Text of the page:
At the testing stage, the application of service design can equip the team with various human-centred design testing methods, which are useful to get early insights on the challenges that users are facing with the dashboard design prototype. From a service point of view, the team would be able to test not only the users who directly use the dashboard, but also stakeholders that are involved in running the service. Altogether, this helps to ensure that the dashboard can run smoothly within the service ecosystem.
At the pre-handover refinement phase, a service blueprint method helps us to outline how the dashboard as a service operates. It also helps our team to communicate the technical aspects to project counterparts. As a project management artefact, the service blueprint has helped our counterparts understand the holistic elements of the service, which include frontstage, backstage, behind-the-scenes, and interaction elements that are important for sustaining a dashboard.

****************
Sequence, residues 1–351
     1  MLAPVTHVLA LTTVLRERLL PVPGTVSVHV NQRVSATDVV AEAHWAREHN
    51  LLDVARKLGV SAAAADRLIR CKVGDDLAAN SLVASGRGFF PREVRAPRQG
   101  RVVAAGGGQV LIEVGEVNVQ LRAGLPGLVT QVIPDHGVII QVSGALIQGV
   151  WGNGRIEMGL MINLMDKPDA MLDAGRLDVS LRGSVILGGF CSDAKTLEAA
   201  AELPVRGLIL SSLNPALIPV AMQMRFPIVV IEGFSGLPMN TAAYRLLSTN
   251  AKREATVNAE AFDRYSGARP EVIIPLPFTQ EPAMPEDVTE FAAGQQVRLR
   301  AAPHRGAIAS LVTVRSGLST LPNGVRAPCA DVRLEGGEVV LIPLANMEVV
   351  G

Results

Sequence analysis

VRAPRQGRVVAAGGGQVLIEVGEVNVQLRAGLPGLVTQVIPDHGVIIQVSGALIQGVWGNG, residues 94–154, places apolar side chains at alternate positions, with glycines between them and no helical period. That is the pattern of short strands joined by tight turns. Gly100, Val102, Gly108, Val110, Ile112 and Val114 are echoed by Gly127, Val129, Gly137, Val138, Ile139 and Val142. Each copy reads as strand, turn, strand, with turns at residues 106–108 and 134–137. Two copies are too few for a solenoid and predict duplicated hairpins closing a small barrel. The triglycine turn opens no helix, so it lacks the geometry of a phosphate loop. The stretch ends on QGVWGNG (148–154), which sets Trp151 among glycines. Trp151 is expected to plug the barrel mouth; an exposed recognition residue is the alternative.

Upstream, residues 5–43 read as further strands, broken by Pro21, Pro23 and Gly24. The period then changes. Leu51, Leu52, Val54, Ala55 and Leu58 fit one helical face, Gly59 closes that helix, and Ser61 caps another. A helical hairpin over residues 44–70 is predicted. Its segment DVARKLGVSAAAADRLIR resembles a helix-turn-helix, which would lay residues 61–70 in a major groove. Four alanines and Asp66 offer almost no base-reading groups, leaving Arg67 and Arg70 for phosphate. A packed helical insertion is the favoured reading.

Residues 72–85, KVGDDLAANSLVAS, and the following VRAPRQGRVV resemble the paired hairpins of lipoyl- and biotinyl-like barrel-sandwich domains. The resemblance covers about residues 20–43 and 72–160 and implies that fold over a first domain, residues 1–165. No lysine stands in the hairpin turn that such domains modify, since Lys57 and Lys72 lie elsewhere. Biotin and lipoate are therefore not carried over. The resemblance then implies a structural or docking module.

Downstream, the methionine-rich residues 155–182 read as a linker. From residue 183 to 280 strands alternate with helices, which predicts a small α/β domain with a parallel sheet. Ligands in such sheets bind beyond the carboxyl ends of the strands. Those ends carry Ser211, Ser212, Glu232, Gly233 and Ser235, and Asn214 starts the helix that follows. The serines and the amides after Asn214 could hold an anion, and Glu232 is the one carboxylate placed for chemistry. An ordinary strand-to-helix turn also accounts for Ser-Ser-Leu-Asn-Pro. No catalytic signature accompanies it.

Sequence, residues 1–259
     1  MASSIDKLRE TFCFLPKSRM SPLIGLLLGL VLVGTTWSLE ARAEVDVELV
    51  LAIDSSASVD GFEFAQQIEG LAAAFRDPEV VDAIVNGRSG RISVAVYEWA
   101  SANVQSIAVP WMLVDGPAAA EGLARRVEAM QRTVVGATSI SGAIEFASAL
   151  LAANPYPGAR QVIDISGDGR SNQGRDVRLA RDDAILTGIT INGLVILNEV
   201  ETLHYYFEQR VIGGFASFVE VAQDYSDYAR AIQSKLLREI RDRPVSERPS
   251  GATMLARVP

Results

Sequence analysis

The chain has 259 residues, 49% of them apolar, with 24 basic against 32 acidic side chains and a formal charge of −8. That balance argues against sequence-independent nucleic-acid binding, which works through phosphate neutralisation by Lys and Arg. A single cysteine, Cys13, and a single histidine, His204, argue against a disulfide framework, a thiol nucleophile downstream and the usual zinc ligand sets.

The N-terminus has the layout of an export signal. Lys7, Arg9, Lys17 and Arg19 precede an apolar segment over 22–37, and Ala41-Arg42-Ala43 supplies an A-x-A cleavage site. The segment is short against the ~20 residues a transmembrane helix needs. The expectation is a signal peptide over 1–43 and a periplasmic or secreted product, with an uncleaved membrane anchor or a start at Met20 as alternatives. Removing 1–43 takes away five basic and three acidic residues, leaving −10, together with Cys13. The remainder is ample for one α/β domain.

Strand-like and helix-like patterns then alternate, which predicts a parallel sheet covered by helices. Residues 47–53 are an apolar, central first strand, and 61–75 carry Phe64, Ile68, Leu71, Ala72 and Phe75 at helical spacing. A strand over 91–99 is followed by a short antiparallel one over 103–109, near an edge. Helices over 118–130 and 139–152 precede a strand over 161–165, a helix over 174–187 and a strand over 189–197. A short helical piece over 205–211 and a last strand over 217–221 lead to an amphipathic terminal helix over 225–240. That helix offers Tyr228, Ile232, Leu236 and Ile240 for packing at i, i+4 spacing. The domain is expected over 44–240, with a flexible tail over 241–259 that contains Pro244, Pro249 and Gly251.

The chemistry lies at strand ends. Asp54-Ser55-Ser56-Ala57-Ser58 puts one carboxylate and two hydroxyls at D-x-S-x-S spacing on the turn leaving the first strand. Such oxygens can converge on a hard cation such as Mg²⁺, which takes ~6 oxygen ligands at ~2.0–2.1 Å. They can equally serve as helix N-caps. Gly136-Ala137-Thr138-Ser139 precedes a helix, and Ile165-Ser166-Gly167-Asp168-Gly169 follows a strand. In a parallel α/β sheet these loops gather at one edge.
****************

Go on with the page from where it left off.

Designing a Service that will Actually be Used
Service design incorporates both user and system perspectives, allowing our team to gain multiple perspectives by zooming in and out on the interactions within the service. At the Lab, we typically combine these two perspectives to generate insights for dashboard development.
Systems mapping helps to uncover the ecosystems of actors within an organization where a dashboard will be hosted, including existing tools and avenues for decision making. Combining this approach with user research enables us to dig deeper into the interaction dynamics, which enables the team to understand pain points; the needs of users and custodians; perceptions of various actors; and finally, pathways in which these dashboards could influence decision-making.